Samsung provides four preset picture modes: DYNAMIC, STANDARD, MOVIE, and FILMMAKER. The LSP9T out-of-the-box is set to STANDARD mode so the colors appeared to be slightly oversaturated.
I found the MOVIE mode delivered the most accurate colors followed by the FILMMAKER mode. Both modes are suitable for watching movies or television in a dark room.
FILMMAKER was collaboratively developed to provide consumers with a way to better experience the filmmaker's vision in the home. FILMMAKER mode enables a more cinematic experience on UHD TVs by disabling all post-processing, so the movie or television show is displayed as the filmmaker intended it.
STANDARD mode is Samsung's default for general viewing. This mode provides a balance between MOVIE mode's neutral profile and the DYNAMIC mode's highly over-saturated settings.
The DYNAMIC mode makes the picture brighter and colors more saturated. This mode is best for when the projector is used with lots of ambient light that would dramatically wash out the picture. Samsung strikes a good balance in this mode by not going full green cast like most projectors and retaining a decent range of colors in the projected image.
Overall, the LSP9T preset picture modes deliver picture quality that will satisfy most folks considering it for their homes. For those who what to fine-tune the unit's picture quality, Samsung provides a wide range of adjustments. In the projector's Expert setting, you can adjust up to fifteen image parameters in the presets, including Gamma, RGB White Balance, and detail CMS (color management controls).
I use these controls to calibrate the THEATER Mode for SDR viewing. Since your room and screen material can have a major impact on the overall picture, I don’t recommend using someone else’s calibration adjustments. If your room is brighter/darker or your walls are a different color, copying someone else’s results can cause more harm than good. However below are the before and after results in my room.
To test the projector’s color accuracy we use Portrait Displays Calman color calibration software.
Out-of-the-box, the grayscale (RGB Balance) of the projector’s Theater and Filmmaker Modes was better than most Laser TVs that we have tested. When measured, the color temperature was just a few hundred degrees off my target of 6500K.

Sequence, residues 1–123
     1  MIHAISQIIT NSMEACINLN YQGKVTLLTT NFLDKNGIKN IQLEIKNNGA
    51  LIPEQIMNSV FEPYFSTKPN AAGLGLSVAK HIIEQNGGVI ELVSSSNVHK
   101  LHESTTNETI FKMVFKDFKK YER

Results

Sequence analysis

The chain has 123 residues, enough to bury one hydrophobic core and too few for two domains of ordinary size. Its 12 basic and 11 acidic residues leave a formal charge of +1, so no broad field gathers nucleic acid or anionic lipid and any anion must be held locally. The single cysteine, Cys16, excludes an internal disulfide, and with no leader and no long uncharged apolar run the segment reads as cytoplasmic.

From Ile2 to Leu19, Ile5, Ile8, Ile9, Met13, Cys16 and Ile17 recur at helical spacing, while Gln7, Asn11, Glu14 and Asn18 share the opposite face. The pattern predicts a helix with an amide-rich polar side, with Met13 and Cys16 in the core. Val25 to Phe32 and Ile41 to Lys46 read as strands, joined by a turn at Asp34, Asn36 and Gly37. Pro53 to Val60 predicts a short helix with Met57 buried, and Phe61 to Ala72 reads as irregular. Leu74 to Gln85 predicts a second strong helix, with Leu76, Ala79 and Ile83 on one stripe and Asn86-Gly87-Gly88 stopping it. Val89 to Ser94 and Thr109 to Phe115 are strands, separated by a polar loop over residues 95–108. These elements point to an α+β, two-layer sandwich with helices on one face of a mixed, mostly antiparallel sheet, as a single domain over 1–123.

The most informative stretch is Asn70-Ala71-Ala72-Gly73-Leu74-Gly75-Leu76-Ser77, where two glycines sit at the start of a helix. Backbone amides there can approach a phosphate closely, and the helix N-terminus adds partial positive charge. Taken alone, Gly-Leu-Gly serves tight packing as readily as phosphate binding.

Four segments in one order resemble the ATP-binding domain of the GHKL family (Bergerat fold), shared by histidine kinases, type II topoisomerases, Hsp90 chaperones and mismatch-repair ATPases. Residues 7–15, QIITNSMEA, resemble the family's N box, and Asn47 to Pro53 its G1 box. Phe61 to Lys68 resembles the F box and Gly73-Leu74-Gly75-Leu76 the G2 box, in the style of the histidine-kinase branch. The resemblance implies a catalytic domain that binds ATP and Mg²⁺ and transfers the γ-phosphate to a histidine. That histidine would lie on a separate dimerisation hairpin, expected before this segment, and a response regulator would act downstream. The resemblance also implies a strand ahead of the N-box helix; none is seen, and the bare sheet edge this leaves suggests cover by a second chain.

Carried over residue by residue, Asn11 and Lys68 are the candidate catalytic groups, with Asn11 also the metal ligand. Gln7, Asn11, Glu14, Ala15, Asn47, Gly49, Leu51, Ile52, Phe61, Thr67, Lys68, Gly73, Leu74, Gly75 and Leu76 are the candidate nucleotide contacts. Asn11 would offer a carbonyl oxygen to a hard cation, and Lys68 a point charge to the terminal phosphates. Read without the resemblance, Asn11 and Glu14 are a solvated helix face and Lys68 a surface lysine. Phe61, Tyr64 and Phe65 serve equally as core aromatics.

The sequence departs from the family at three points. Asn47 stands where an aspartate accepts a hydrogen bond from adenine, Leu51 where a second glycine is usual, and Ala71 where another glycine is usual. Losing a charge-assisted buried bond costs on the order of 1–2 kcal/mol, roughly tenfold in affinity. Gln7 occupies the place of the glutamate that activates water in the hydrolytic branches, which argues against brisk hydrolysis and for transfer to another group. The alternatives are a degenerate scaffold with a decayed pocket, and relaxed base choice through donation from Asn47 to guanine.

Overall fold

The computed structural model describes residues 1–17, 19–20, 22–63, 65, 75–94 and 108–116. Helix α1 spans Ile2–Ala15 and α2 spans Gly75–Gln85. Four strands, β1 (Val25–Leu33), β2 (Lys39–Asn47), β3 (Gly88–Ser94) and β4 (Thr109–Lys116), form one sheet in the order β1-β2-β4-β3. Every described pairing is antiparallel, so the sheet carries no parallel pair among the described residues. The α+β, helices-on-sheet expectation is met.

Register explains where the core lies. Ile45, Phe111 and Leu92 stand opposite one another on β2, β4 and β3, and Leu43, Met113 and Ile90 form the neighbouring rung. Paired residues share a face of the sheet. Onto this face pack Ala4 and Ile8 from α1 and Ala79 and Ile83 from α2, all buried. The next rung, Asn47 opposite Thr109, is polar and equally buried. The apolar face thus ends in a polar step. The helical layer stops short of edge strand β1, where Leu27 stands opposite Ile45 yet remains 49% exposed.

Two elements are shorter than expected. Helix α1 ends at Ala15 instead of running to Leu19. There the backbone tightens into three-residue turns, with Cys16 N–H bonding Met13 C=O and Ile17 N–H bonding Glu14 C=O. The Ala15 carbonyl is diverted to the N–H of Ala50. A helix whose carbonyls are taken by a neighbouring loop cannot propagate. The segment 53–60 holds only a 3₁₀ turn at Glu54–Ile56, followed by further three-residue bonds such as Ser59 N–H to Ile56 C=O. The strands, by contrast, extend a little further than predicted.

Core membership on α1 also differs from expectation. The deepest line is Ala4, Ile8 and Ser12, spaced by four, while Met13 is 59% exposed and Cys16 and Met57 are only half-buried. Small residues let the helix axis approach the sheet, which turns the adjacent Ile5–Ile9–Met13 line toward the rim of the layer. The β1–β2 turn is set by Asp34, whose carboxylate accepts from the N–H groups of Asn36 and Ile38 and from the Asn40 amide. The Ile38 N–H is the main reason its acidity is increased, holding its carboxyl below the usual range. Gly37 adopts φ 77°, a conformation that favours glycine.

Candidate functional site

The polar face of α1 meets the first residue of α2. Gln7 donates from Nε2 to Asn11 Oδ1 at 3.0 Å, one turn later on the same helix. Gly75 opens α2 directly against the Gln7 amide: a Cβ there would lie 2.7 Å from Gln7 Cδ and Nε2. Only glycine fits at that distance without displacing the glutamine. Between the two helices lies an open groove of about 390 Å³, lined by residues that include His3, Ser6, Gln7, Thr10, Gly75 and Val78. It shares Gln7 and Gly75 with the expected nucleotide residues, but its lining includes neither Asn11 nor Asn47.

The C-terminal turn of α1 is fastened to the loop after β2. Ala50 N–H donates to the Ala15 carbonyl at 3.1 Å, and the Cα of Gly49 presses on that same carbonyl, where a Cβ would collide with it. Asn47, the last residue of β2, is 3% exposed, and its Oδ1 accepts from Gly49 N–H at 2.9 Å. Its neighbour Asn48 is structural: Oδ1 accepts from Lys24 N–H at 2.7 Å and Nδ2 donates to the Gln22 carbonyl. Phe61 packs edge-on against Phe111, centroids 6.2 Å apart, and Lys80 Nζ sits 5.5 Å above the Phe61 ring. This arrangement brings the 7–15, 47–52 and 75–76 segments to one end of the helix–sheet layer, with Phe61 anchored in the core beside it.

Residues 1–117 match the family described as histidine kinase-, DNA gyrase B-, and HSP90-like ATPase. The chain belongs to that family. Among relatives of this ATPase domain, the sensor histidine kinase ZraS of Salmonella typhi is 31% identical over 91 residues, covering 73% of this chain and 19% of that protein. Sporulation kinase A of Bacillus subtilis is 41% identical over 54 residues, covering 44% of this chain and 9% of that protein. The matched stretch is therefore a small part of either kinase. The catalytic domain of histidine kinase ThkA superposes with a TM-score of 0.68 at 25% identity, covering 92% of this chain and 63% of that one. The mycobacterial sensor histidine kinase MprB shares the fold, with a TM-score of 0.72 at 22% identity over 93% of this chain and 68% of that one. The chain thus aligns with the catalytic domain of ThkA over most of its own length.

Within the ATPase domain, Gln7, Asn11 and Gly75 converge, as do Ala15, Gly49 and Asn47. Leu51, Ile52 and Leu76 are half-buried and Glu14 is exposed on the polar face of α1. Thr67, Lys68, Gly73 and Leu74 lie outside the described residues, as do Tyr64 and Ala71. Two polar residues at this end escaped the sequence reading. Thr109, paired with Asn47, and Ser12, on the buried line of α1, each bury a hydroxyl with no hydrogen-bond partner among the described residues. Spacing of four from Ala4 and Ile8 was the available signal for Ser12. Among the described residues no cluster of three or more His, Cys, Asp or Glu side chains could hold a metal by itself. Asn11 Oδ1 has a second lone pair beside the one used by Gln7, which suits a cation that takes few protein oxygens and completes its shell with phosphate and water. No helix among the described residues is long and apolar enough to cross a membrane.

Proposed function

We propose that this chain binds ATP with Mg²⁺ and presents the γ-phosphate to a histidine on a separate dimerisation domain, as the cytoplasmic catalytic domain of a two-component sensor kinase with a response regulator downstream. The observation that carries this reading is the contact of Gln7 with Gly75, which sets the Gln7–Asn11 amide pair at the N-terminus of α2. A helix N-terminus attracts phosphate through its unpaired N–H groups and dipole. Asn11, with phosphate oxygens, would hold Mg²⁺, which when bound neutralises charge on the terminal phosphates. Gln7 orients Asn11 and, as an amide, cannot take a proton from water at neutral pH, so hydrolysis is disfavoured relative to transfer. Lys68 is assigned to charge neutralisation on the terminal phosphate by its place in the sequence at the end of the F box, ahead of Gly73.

The Rec. 709 color tracking of the LSP9T was also better than average. Greens were slightly over-saturated with a slight color shift in Cyan and Magenta. These issues were quickly corrected using the projector’s CMS adjustments.
Picture Mode: THEATER
Color Temperature: 6286K
Average Grayscale dE: 5.1
We left the COLOR TEMP setting to Low. The LSP9T offers both 2pt and 20 pt adjustment in grayscale, but during calibration, I only needed to use the 2pt to fine-tune the image. I reduced the RED GAIN slightly while increasing the BLUE GAIN to produce a very good grayscale (RGB Balance).
To achieve my gamma target of 2.2 on my ALR screen in my room, I left the GAMMA to BT.1886. The LSP9T also offers CMS adjustments which we utilized to improve the projector’s color tracking of Magenta and Cyan.
Picture Mode: THEATER
Color Temperature: 6485K
Average Grayscale dE: 0.89
Delta E, as a measure of grayscale/color accuracy, of 3 and under is considered ‘Excellent’ and imperceptible by the human eye. Even before calibration, the average grayscale dE for the THEATER mode was around 5 which is good.
I left color temp at the default of “WARM 2,” Using projector 2pt white balance controls, I increased the Blue Gain slight while reducing the RED GAIN a couple of clicks. After the adjustment, the THEATER mode's average CCT of 6495K and the average grayscale dE of 1 which is outstanding.
For HDR viewing, we selected the THEATER picture preset. Just like with SDR we have to increase the BLUE GAIN and reduce the RED GAIN to achieve good HDR grayscale tracking.
Due to the Triple (RGB) Laser light source, the LSP9T can easily reproduce colors far beyond the Rec709 color space. Our measurements show that the LSP9T could deliver nearly 100% of the BT.2020 color gamut and approximately 140% of the DCI-P3 color space. As we have mentioned before most flat panels can not reproduce those wide of a color gamut.
While the ability to deliver a massive range of colors is great, most content is not captured or mastered in BT.2020 or even DCI-P3. The LSP9T did a great job before and after calibration accurately tracking the Rec709 color space so SDR content did not look artificially oversaturated.
The Samsung LSP9T Laser TV has a rated brightness of 2800 ANSI lumens. Just how close did the LSP9T come to hitting that target? I set the projector to DYNAMIC mode, the brightest picture mode, and then took three to four readings about 15-20% out from the center of the screen.
Hisense L9G Brightness (Dynamic Mode, Maximum Light Level): 2785 lumens
The LSP9T measured 2795 lumens which is very close to Samsung's brightness claim. This results in bright saturated colors that really make HDR content pop.